Keep in mind, a local business directory is not limited to just businesses and organizations like churches, libraries and the YMCA. Because you have maps you can also list local natural attractions, hiking or biking trails, scenic outlooks, parks, farmers markets, best fishing spots, bird watching spots, train spotting spots, swimming areas with and without lifeguards, all the things that leverage your local knowledge that Google and Yelp miss.
Directory + Blog
Most local directory types are well complimented by having a blog. The blog lets you have a voice and fresh new content in a way that a directory alone cannot do.
A big city directory (eg. DigiLondon) can probably get by without because big cities are sort of anonymous places. But a dining guide might want a blog for restaurant reviews.
Choosing Your Business Directory Script or Plugin
You can chose between a stand alone directory script or if you use WordPress as your blog there are a number of business directory plugins available for WordPress. Here is my listing of some resources.
One thing to look out for is you want a script or plugin that is being actively improved and maintained. Most people prefer Google maps for their directories, but Google could shut down their API or raise their prices for use at any time so you want a directory script that either A. gives you a choice among map provides right out of the box, or B. is being supported so if Google cuts everybody off the software developer is still around and can switch you to Bing Maps or some other alternative.
Various other scripts can enhance a local directory: forums can add a local social network element for discussion, photo gallery can be a place for people to post local photos. Whatever you think might enhance your directory.
Take a look at a small local directory and personal blog combination: Life in the Forest of Dean. The owners blog about retired life and gardening, they added a local activity section and a first class local directory to give something back to their community. That directory gets a lot of visitors, both from people outside the area and also from local residents. The area covered incorporates a number of towns and villages and it’s just big enough that the local people can’t always know that a new eatery opened in the next town, or where to buy firewood, etc. So the directory serves both locals and tourists alike. Notice that the directory part is ordered by towns with each town serving as a top level category. This is very good organization listing by geography.
You can always start by making a local directory for your own use if you want listing the places you eat at, shop at, go to. And keep adding more over time. Or you can have some other plan for somehting from the list above. The process will work best if you enjoy it, enjoy getting out, exploring, taking notes and pictures.
These are my thoughts on building a multi-directory search portal.
At the most basic level this would mean that with one search box and one search, you would search the indexes of 2 or more similar web directories.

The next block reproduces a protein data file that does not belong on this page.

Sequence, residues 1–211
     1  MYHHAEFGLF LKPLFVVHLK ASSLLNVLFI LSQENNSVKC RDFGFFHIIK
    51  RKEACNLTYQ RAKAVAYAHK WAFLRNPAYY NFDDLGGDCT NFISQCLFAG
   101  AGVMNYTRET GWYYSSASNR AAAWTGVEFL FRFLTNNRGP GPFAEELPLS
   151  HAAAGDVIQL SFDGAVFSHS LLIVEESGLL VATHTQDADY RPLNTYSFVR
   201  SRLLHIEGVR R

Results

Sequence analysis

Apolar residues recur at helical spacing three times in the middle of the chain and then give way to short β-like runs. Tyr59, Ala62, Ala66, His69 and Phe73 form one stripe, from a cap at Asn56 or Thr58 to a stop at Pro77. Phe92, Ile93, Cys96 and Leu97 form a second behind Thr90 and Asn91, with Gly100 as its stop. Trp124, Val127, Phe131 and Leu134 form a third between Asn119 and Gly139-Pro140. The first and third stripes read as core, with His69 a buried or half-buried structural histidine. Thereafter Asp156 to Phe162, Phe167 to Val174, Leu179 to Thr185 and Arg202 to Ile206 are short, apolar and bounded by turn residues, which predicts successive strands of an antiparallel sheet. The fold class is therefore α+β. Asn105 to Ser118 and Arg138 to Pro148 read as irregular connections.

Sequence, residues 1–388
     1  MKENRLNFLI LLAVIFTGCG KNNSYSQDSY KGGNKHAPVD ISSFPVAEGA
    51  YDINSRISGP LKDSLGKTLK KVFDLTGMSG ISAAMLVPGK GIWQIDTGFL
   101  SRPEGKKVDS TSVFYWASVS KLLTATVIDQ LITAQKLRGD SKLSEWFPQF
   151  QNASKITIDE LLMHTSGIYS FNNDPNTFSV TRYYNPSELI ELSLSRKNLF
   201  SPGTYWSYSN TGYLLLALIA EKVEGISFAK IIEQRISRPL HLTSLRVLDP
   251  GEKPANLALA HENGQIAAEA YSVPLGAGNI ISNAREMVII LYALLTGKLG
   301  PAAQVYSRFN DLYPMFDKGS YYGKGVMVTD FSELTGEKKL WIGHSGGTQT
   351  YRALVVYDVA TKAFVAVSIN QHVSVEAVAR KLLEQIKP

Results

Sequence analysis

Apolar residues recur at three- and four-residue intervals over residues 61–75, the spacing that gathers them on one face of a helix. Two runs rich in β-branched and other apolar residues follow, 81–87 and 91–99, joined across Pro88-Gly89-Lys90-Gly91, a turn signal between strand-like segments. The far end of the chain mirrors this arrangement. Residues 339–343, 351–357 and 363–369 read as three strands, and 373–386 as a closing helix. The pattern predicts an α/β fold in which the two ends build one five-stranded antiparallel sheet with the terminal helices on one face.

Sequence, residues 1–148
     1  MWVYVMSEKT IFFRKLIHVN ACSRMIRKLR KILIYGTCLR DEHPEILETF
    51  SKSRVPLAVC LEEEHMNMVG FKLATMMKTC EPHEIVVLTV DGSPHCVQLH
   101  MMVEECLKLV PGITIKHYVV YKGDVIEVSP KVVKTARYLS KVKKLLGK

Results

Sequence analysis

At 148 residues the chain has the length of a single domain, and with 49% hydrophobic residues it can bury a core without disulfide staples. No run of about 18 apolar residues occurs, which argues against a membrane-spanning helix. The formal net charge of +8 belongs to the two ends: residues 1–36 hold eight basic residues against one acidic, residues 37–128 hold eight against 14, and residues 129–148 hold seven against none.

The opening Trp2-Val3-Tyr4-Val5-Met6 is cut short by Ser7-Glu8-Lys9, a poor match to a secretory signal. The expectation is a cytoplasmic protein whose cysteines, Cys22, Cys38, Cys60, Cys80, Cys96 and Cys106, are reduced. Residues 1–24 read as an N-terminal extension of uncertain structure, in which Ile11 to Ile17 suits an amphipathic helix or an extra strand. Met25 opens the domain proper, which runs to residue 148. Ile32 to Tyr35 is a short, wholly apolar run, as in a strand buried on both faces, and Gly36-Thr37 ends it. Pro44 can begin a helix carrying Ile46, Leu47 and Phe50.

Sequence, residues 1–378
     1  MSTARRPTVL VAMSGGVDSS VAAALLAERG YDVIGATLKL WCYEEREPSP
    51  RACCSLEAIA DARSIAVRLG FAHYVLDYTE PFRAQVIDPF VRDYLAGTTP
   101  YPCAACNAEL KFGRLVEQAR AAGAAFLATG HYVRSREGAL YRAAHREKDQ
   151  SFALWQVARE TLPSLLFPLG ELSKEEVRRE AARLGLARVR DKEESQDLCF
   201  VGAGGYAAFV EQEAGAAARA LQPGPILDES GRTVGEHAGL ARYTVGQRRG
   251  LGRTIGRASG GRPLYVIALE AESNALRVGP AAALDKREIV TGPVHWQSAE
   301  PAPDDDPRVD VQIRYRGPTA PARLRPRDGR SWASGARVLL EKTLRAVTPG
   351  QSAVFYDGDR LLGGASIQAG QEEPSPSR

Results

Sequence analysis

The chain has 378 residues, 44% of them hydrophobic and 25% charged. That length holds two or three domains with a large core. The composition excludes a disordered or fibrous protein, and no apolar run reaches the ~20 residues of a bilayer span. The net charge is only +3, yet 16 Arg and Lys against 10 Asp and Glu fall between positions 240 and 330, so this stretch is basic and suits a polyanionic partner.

Such a portal could exist on either it’s own domain or on a subdomain. Domain is probably better should other directories come along. (Random thought: Could portal be part of Indieweb.xyz?)
Minimalist or Portal?
Minimalist example would be search.yahoo.com which is just an uncluttered search box vs. yahoo.com which is a full blown portal considered cluttered by some.
Unifying the Search
My suggestion, and it is just a suggestion, is to beta test with a free open source crawling site search that can be set to index more than one domain like either phinde or sphider. One of these might work perfectly or will show it’s limitations but the learning experience of trying these first will be useful prior to coding a custom search. (What would be icing on the cake is if Chrome based browsers would recognize this search form and allow you to add the search to the browser. Search installed on a person’s browser gets higher use.)
Optional Portal Features:
Cross Index of Categories: I already touched upon my idea under “categorization systems” here. This could be on separate pages from the search form above. I kinda like this idea: no scripts just a page of plain HTML so low overheard and cost, it might encourage people to browse rather than search deeper into both directories.
Web Search Form: Example: Searx. script.) Not sure what i think of this. On some level you are competing against yourself. OTOH you are giving the user more reasons to use your portal. I have done this before with both dropdown menu and radio buttons on the search form and very few people used it.
Leverage RSS Feeds: Use headline feeds from our blogs, and newest listings to keep portal fresh and not just a searchbox. Free.
I’m not married to any of this. Just throwing out ideas as they flit through my brain-pan.
Why yes we do. Although he’s getting kinda old and is a grumpy old git and he hobbles more than crawls. When he’s not mopping the floors and washing the bottles he can be found adding URL’s to our directory. Generally he can add about 20 URL’s a day, sometimes 25 if we juice him up with caffeine. After about 20 site reviews he starts going all cross-eyed. We tried naming him Bradbot but it never really took. 🙂
Not really. Indieseek does have a meta tag fetcher. When I put a URL in the field the meta tag fetcher tries to grab that page’s Title, Description and Keyword meta tags and fill in those fields. It does the same thing when the public submits a URL and it saves some time.